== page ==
By Laura Crist
In June of 2019, Tammy Lacey gave a warning to our community, “Everyday, way too many children come to school hungry, homeless, lonely and traumatized by what goes on outside school.
We take them as they come as we strive to educate them. But the recent elimination of 102 teachers and numerous after-school, summer and other academic support programs limits our impact.”
Great Falls has only passed two school levies in the past 12 years. Since that time our schools have been forced to cut people and programs in order to balance the budget to include 102 teaching positions gone.
This has affected our students, our teachers and our community in significant ways.
More students are trying to learn in crowded classrooms and teachers must now not only teach but also provide support services for kids while having less help to customize learning for all students.
For the first time, we are beginning to have trouble attracting new hires to Great Falls and when we do, there is no longer a robust new teacher training program to support them in their first three years.
With all the reductions noted above, it is also becoming a concern for those who are looking to move to our community. They understand that great schools are one of the key building blocks to a strong, vibrant and growing community…a community people want to live in.
Without a course change, I worry about the continued greatness of our schools.
As our community contemplates the serious consequences of that noted above, I seek to shed some light on another area that really has been suffering for the past decade: our curriculum resources.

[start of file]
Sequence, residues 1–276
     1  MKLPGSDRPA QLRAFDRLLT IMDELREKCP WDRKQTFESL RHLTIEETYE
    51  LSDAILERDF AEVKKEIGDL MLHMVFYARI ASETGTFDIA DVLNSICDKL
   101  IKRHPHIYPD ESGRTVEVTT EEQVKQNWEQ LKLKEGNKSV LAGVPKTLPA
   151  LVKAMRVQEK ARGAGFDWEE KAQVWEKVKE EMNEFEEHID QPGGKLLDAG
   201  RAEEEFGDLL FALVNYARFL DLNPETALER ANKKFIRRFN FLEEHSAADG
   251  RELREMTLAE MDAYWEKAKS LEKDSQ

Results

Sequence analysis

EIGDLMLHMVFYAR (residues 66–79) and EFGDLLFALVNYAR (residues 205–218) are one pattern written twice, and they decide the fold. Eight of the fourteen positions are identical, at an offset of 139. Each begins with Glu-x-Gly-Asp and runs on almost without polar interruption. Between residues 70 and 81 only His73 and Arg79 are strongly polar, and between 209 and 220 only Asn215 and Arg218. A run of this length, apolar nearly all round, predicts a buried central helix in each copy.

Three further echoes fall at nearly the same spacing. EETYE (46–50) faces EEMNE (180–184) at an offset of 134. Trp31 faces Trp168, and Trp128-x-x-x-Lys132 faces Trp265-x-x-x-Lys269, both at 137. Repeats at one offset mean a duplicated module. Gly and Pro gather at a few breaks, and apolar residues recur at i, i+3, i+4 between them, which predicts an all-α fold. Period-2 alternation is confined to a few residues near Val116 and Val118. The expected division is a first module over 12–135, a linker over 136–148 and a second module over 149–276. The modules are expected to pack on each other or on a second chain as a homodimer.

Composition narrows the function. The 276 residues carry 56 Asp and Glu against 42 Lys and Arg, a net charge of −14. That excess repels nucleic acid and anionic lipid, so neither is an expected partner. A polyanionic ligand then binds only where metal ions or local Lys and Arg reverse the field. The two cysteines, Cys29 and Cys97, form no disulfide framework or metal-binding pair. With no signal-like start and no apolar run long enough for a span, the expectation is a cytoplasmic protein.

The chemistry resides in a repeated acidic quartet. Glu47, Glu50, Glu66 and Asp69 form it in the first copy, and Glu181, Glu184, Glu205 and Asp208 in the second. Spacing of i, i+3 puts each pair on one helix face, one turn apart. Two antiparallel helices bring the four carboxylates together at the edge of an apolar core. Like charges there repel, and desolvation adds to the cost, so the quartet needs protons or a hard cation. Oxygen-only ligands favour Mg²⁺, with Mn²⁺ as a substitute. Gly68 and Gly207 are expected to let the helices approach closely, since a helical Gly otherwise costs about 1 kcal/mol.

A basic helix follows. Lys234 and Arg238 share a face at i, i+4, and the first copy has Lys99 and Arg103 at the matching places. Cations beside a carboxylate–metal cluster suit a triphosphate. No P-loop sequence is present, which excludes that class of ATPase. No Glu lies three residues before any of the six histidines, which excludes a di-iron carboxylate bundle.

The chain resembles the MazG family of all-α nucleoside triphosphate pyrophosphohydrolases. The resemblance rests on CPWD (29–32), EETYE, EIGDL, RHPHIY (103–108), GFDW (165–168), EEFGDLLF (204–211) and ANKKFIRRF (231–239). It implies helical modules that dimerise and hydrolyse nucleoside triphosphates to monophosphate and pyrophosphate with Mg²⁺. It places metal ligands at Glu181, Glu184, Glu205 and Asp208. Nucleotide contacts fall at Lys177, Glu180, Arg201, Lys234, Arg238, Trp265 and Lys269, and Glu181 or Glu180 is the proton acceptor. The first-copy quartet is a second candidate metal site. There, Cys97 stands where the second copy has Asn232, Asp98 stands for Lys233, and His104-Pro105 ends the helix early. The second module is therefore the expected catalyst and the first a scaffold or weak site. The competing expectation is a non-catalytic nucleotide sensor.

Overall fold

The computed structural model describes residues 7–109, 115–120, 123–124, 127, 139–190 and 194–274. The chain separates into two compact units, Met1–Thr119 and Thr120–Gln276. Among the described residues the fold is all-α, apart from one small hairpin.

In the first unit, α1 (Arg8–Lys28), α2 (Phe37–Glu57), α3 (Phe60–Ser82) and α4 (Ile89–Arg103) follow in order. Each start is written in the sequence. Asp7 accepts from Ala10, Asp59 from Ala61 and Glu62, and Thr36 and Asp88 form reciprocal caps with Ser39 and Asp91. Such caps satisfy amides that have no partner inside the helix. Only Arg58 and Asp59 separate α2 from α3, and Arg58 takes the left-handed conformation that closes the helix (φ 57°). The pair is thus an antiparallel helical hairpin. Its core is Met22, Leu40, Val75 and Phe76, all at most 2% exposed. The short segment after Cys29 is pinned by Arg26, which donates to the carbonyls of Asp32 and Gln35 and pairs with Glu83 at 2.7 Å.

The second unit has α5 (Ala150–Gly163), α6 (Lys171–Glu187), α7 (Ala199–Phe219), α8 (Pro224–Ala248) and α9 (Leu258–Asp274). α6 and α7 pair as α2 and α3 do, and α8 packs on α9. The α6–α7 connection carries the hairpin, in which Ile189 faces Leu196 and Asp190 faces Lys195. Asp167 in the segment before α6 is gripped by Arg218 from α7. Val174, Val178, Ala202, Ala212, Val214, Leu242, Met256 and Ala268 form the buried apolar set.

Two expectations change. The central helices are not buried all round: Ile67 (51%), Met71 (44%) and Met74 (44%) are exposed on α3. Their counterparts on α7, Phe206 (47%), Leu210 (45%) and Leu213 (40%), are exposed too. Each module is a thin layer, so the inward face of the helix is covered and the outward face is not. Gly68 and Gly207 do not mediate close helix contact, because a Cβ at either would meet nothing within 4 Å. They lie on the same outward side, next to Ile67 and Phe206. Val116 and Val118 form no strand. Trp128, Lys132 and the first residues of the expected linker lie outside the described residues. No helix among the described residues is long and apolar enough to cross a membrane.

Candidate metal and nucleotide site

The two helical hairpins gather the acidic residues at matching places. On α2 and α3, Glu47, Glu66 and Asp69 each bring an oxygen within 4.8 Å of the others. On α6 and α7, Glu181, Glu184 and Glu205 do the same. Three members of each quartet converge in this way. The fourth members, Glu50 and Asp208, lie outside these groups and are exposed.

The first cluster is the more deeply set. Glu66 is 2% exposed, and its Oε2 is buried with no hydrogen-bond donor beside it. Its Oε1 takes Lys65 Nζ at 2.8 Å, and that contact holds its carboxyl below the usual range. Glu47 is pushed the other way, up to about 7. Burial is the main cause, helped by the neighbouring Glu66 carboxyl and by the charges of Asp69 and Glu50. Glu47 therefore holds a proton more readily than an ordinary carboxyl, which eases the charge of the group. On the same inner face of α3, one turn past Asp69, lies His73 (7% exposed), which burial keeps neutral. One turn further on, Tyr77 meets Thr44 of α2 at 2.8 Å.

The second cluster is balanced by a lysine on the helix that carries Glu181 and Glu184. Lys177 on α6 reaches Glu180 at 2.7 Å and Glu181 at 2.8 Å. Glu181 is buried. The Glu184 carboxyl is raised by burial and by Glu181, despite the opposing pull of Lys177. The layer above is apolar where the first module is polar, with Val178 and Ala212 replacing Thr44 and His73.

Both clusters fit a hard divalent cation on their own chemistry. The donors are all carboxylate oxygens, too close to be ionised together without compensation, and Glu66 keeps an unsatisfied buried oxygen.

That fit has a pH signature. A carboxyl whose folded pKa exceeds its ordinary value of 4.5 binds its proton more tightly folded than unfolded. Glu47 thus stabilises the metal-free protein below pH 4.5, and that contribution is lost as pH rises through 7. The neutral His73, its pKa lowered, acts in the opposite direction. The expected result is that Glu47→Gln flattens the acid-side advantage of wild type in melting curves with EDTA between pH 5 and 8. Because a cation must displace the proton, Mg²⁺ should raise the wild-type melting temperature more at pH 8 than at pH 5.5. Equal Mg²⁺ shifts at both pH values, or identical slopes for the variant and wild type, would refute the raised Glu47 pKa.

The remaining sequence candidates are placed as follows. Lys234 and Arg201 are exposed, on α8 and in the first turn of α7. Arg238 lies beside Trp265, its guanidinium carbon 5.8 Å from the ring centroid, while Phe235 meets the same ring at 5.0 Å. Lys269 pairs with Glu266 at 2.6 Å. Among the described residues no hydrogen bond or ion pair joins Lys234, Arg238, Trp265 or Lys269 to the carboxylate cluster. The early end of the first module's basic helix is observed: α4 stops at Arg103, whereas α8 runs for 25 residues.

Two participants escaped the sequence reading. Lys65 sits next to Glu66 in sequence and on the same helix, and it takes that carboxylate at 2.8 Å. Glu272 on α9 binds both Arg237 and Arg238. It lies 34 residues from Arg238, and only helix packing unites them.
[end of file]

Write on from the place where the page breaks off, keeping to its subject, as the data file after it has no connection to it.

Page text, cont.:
School curriculums are created from national guidelines and policies, state education guidelines and policies, and our district guidelines and policies. The locally written goals included in the curriculum documents provide the roadmap for students and teachers.
Curriculum and all it entails helps to standardize learning goals for an entire district and helps create a clear path to help students learn from one grade to another.
Why is it really necessary to review, revise, and change the curriculum? Because education is dynamic.
It is always changing as we learn new things and as our world changes. Education allows for progression and innovation.
Just think about the advances that we have seen in the past 50 years!
A man has been put on the moon, climate changes are causing us to think radically and differently, new technology advances we never dreamed about happen terrifyingly frequent, new scientific and archaeological discoveries and history continues to be made on a daily basis.
With these changes, curriculum updates are essential in helping to teach our students about them and how to learn from and with the ever-changing world. I believe John Dewey said it best,
“If we teach today’s students as we taught yesterday’s we rob them of tomorrow.”
When our district looks at purchasing a new set of resources for a revised curriculum, it involves a committee consisting of teachers, parents and community leaders to seek the best curriculum resources that are essential to support the subject matter.
The process takes over a year with regular meetings to study current research, examine national and state standards, correlate the content with other subjects of learning and determine what students should know, understand and be able to demonstrate within the subject area.
Lillian Katz states,